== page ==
New research, conducted at Australia’s QIMR Berghofer Medical Research Institute and published in The Journal of Investigative Dermatology, examined melanoma incidence in eight moderate-to-high-risk populations across the world between 1982 and 2015.
The most recent data shows invasive melanoma rates in New Zealand have started to decline while rates in Australia have plateaued.
Invasive melanoma is the deadliest form of skin cancer, which is capable of spreading to other parts of the body.
QIMR Berghofer Senior Scientist and Deputy Director Professor David Whiteman said the most recently available data from 2014/2015 showed about 50 in every 100,000 Australians were diagnosed with invasive melanoma, compared to about 47 out of every 100,000 New Zealanders.
“This is good news for New Zealand, with melanoma rates now dipping below those across the Tasman,” Professor Whiteman said.
“The main difference between the two countries is that in New Zealand rates have stabilised in people aged 60 to 79 years, whereas in Australia rates are still rising in this age group. Rates continue to rise for those aged 80 and over in both countries.”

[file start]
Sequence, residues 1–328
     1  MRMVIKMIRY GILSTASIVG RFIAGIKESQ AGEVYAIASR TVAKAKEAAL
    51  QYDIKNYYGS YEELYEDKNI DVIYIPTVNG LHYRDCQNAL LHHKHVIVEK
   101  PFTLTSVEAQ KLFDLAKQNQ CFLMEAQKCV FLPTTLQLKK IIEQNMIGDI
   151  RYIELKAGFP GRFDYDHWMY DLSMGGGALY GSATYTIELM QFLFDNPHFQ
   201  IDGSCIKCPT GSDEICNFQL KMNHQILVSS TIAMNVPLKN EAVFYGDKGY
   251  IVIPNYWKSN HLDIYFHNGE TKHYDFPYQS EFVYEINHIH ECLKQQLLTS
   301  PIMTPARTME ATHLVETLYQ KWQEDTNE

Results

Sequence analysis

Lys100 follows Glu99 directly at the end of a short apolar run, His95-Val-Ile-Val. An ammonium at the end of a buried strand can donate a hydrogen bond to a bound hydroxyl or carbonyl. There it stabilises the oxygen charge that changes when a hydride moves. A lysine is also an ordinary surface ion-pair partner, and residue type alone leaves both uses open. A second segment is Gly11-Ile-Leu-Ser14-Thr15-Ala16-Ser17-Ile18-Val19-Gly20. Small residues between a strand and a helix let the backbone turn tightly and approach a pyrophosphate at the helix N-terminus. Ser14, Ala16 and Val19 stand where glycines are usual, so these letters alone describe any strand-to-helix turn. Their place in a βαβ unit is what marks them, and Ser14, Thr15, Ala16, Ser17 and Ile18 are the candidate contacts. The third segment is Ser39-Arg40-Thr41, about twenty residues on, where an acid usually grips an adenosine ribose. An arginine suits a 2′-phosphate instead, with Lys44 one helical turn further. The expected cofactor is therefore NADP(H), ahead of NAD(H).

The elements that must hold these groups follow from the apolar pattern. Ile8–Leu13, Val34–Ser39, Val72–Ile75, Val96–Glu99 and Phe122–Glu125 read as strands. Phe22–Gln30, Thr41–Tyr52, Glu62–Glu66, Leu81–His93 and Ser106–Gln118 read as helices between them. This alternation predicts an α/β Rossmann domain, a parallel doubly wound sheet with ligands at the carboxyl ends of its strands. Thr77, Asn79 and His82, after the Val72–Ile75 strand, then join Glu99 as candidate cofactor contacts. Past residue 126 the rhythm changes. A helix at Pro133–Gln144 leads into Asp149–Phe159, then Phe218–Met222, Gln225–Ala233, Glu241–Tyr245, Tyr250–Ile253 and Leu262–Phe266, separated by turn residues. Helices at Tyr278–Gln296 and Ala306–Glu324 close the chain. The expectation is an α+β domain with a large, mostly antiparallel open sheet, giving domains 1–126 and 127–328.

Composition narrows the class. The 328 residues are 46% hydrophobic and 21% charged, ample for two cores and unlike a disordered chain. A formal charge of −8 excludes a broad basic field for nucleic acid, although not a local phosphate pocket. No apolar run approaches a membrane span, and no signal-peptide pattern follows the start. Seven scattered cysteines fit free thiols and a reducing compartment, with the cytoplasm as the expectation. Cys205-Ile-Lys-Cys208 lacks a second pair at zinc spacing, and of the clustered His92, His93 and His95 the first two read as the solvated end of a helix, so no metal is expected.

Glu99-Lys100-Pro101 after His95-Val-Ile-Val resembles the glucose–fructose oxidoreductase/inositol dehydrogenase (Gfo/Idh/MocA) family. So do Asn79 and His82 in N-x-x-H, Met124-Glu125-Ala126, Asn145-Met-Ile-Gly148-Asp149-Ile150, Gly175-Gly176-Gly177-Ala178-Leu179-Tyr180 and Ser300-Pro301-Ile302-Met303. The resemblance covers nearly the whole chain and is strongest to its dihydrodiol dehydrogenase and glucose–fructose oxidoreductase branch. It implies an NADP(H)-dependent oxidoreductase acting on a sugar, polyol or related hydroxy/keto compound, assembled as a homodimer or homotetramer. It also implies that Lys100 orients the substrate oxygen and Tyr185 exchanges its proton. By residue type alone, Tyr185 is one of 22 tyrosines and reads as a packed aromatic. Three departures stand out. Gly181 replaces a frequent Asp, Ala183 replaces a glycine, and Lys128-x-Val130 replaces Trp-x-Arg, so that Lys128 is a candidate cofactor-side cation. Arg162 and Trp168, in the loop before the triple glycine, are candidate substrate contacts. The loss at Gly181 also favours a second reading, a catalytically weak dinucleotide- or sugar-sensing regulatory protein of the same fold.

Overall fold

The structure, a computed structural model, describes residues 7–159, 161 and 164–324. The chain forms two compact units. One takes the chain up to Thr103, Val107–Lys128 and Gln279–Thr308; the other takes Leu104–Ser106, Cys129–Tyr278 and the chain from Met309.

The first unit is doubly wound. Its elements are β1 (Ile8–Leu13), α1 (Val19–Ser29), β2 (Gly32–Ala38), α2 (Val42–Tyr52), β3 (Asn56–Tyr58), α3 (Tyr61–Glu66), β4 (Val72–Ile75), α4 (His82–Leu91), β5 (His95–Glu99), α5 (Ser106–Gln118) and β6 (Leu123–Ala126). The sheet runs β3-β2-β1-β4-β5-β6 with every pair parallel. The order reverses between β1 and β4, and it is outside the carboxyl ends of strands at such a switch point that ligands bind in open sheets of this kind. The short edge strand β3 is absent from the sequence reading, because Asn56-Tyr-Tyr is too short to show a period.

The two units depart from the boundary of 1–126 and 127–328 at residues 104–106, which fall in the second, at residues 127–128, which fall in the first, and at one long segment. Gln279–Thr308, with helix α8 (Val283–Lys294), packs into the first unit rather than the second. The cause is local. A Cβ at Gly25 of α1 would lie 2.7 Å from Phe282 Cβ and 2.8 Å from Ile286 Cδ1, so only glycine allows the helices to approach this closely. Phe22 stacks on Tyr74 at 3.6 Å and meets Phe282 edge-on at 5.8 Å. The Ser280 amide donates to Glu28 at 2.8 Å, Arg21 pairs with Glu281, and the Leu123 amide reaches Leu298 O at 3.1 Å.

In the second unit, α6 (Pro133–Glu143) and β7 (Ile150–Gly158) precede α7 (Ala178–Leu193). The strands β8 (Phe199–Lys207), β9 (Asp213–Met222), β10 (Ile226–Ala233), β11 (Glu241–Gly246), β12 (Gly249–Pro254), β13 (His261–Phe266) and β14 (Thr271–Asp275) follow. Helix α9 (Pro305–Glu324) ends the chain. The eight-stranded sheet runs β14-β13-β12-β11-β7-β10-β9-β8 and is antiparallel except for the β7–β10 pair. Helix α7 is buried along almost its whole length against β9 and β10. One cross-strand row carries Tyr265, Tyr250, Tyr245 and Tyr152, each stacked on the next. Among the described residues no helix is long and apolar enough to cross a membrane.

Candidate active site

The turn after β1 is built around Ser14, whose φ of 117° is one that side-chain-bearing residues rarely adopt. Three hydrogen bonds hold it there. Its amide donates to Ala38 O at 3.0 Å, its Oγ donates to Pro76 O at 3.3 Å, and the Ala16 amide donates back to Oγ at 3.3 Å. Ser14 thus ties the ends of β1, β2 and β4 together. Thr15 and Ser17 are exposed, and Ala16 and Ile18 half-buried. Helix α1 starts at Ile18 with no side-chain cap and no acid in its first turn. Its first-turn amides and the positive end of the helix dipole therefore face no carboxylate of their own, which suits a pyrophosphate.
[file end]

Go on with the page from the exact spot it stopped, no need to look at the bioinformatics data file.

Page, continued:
Whiteman said the fact that rates in New Zealand and Australia were no longer increasing could be attributed to those countries taking more steps to implement community-wide skin cancer prevention programs.
However, Melanoma New Zealand Chief Executive Andrea Newland says there is more to be done.
The debate over which country has the highest incidence of melanoma is not a competition anyone wants to win, says Newland.
“Comparing results from different studies can be complex and can vary depending on the research methodology. This latest study from the QIMR Berghofer Medical Research Institute shows that the difference in rates across the Tasman is marginal, and both Australia and New Zealand are still significantly and unacceptably higher than other parts of the world.
“So whatever way the statistics fall, the fact remains that New Zealanders still need to be vigilant about melanoma prevention and early detection through regular skin checks, and we need to also improve patients having the best access to high-quality clinical care.”